This was a prospective randomised controlled study. The patients were referred from the respiratory clinic of Hairmyres Hospital by two investigators who were blind to the order of patient allocation. Patients were randomised to group 1 who initially received NMES (n=9) or to group 2 who received NMES after a control period (n=6). Group 1 was evaluated twice (before and after NMES) and group 2 was assessed three times (before and after the 6 week control period and after a further 6 week period of NMES). The NMES training period was consistent with the training duration shown to be effective in previous studies of NMES.11,12,15,17
Each evaluation consisted of a 3 day protocol which included: (1) a questionnaire based evaluation of the health related quality of life, body composition assessment, pulmonary function tests, and a maximum incremental cardiopulmonary exercise test (CPET) (day 1); (2) a knee strength and endurance evaluation by isokinetic dynamometry (day 2); and (3) an endurance constant work rate CPET to the limit of tolerance (day 3).
Health related quality of life
The Chronic Respiratory Questionnaire19 was administered to obtain an index of the health related quality of life. In this instrument four domains are measured: “dyspnoea” (using self-selected daily activities), “fatigue”, “mastery”, and “emotional function”. Each domain has 4–7 items scored on a scale of 1–7. A change of 0.5 in the arithmetic mean score per domain has been shown to be related to a minimally important difference in general health status.19
Fat-free mass (FFM) was measured by the bioelectrical impedance method (Bodystat-500; Bodystat Ltd, Douglas, UK). Impedance measurements were performed on the right side with subjects supine and with their limbs slightly apart from the trunk. FFM was calculated using a validated patient specific regression equation20 from Ht2/Res and total body mass and expressed as a percentage of ideal body weight.
Pulmonary function tests
Spirometric tests were performed using the 2130D SensorMedics spirometer (SensorMedics Corp, CA, USA), flow being measured with a calibrated pneumotachograph. The subjects completed at least three acceptable maximal forced expiratory manoeuvres before and 20 minutes after 200 μg inhaled salbutamol. Maximal voluntary ventilation (MVV, l/min) was estimated from the product FEV1 (l) × 37.5. A computer based automated system (VMax 22 System, SensorMedics Corp) was used to measure static lung volumes by the “breath by breath” nitrogen washout technique and lung diffusion capacity for carbon monoxide (transfer factor) by the modified Krogh technique (single breath).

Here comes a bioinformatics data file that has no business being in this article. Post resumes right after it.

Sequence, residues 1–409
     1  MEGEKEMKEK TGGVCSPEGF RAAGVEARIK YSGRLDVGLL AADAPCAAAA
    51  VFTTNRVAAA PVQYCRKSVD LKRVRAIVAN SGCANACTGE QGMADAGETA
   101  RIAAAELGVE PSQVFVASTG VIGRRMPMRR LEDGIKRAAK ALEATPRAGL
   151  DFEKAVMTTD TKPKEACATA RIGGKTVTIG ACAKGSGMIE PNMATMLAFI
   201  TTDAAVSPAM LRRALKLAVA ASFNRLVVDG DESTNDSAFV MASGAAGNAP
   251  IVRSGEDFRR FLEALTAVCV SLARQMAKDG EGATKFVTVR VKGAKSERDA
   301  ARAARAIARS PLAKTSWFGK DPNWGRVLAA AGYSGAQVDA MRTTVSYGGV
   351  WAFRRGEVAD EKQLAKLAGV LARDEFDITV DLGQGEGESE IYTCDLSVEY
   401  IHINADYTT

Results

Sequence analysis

Cardiopulmonary exercise tests
Exercise tests were performed on an electromagnetically braked cycle ergometer with the subjects maintaining a pedalling frequency of 50 (5) rpm. Each subject initially underwent a symptom limited incremental exercise test (5 W/min). On a different day each subject completed a constant work rate test to the limit of tolerance (Tlim), with the work rate being maintained constant at 80–90% of the peak work rate obtained in the incremental test.21
During the exercise tests respired O2 and CO2 concentrations and respired flow were monitored continuously by calibrated rapidly responding gas analysers and an anemometer, respectively (VMax 229 System, SensorMedics Corp). Pulmonary oxygen uptake (V̇o2, l/min STPD) and minute ventilation (V̇e, l/min BTPS) were derived breath by breath and expressed as 15 s stationary averages. Heart rate (HR, bpm) was derived beat by beat using the R–R interval from a 12-lead electrocardiogram, and oxyhaemoglobin saturation (Sao2) by pulse oximetry. Subjects were also asked to rate “shortness of breath” or “leg effort” each minute in an alternating sequence using the Borg category ratio scale (0–10). The peak V̇o2 values on the incremental test were compared with those predicted by Neder et al, taking into consideration sedentariness, sex, age, weight, and height.22
Peripheral muscle strength and endurance
Concentric contractions of the quadriceps femoris (knee extension) of the dominant leg were evaluated using an isokinetic dynamometer (KinCom, Cybex, Chattanooga, NY, USA).23 All patients performed: (1) a maximum isokinetic strength test with three movements tested at an angular velocity of 70°/s separated by 1–3 minutes rest (peak torque in N.m); (2) a maximal isometric test in which the subjects were asked to sustain the lever arm at 40° for 5 seconds while the force applied was instantaneously recorded (mean force in N); and (3) an endurance test for 1 minute in which the subjects were asked to perform the maximum possible number of contractions at an angular velocity of 70°/s during this time frame (total work in J, mean power in W, and a fatigue index expressed as the % ratio between the work performed in the three last and three initial contractions).
The NMES training protocol used was based on that of Kots,24 later modified by Selkowitz.25 A portable, user friendly, dual channel NME stimulator was used (Respond Select, Empi Inc, South Dakota, USA). The following training protocol was chosen in order to minimise the effects of fatigue on muscle contractility: